Talmudic tradition holds that every 28 years, the sun returns to the position it held on the day G-d created it. The NYT explains the math here:
God created the sun, the moon and the stars on Wednesday, the fourth day. A solar year is about 365 1/4 days, or about 52 weeks and 1 1/4 days. So each year since creation, the sun rises 1 1/4 days, or 30 hours, later. It takes 28 years for the sun to again hit the same position in the firmament at the same moment on the same day of the week.
The Times points out, however, that scientifically the calculation is not quite that simple, that a year is several minutes longer than the 365 and ¼ days cited above, and over thousands of years these few minutes add up.
But, what does it matter. The rabbis that figured this out are a hundred times smarter than me and the Times reporter put together, so I’m confident they got it right and the sun is exactly where it is supposed to be.
But, really, the point is that it is a good thing, every 28 years or so, to take a few moments and ponder not only why we are here, or how we got here, or the hundreds of millions of other variables and unknowns that cling to our existence, or the tens of thousands of seemingly intractable issues and conflicts our presence on this planet produce, but also the indisputable fact that we are here, and how awesome and miraculous our mere and meager existence is, whether you think that is the result of an Act of G-d, an act of science, or both.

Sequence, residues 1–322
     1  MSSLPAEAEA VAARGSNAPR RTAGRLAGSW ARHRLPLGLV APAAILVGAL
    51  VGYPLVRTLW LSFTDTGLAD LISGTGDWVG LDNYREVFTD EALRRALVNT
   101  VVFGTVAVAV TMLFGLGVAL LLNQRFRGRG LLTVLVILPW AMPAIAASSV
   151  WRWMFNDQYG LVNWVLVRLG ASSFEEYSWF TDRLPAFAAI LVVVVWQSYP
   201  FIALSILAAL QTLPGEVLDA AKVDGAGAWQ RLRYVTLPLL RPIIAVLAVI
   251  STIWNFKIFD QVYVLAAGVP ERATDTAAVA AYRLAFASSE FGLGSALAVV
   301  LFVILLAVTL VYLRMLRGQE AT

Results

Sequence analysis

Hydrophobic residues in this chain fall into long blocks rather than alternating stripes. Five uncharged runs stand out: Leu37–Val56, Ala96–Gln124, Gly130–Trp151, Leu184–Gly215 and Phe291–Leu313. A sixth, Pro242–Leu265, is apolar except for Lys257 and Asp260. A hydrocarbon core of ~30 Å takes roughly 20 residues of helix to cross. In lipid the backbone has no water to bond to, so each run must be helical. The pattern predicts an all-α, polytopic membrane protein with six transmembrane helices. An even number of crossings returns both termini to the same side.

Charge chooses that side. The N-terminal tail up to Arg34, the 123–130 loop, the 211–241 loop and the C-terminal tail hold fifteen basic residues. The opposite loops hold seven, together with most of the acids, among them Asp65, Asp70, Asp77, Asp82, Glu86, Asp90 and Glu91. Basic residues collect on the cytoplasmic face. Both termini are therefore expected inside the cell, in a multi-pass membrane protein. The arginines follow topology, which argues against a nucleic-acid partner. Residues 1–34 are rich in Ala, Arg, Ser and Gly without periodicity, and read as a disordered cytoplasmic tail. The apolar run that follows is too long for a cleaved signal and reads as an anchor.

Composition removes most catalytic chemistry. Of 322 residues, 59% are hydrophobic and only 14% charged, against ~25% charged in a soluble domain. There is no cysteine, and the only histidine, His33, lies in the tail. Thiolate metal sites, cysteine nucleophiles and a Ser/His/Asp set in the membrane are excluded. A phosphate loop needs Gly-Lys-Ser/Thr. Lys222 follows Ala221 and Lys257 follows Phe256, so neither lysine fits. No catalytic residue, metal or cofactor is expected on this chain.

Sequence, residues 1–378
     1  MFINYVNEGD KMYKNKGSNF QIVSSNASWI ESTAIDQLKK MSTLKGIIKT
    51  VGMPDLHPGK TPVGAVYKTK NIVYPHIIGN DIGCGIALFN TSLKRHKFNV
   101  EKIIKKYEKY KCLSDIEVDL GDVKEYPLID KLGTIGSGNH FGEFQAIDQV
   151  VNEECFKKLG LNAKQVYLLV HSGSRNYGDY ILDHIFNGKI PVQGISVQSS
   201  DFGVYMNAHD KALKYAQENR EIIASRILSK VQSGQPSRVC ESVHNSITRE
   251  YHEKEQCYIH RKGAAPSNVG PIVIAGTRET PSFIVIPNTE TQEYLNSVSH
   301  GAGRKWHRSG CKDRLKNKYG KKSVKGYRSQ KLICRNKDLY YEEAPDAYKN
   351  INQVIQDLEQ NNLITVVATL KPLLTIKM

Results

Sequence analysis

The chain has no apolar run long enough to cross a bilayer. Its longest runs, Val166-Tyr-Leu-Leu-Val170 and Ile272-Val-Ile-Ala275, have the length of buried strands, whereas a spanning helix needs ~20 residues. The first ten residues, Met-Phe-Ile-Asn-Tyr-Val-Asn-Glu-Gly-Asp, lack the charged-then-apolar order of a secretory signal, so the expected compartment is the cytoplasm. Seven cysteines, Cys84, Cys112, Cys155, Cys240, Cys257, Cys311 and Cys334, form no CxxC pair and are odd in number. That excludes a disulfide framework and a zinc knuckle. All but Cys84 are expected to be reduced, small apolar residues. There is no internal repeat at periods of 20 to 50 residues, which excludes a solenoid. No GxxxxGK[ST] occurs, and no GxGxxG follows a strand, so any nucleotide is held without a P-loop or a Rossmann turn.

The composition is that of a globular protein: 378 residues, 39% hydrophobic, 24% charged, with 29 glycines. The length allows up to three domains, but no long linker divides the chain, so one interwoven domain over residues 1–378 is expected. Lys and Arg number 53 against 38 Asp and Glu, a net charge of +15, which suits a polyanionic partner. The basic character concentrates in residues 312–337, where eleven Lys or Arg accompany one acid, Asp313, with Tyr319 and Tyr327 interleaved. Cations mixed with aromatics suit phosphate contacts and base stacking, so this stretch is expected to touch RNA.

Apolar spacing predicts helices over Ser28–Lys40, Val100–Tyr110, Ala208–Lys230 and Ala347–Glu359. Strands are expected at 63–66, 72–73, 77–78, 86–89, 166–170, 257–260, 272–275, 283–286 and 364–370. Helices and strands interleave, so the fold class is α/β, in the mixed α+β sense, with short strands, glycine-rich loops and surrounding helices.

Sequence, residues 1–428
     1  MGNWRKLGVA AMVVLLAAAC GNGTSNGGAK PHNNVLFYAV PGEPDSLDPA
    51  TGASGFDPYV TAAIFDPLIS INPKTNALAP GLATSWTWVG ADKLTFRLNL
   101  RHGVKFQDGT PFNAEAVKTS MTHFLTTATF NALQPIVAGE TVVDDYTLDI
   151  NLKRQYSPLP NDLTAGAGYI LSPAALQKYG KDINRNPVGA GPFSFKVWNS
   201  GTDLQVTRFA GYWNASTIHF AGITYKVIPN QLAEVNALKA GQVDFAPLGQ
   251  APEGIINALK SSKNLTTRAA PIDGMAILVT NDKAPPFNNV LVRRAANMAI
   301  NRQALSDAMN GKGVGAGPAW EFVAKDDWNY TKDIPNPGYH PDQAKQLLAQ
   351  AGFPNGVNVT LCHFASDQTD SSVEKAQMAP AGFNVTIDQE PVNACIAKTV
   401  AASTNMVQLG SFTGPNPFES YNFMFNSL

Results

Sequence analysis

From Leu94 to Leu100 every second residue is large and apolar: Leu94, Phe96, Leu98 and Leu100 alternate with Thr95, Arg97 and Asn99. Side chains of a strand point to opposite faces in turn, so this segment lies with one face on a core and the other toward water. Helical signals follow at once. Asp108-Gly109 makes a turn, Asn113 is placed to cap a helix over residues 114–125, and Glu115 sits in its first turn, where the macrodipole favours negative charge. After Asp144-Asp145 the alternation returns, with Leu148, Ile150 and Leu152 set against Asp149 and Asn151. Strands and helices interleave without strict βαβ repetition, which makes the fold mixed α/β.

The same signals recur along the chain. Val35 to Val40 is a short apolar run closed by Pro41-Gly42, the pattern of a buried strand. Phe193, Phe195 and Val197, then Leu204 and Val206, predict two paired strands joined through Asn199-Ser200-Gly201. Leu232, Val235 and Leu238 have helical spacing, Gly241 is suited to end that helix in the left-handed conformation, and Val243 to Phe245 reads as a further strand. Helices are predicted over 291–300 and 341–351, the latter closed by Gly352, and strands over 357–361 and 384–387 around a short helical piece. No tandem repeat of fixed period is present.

JFK put it better than I ever could:
For in the final analysis, our most basic common link, is that we all inhabit this small planet, we all breathe the same air, we all cherish our children's futures, and we are all mortal.
Some pics of the Birkat Hachama follow:
Some views from Carter's Mountain
Rabbi Dan Alexander, Congregation Beth Israel, Charlottesville, VA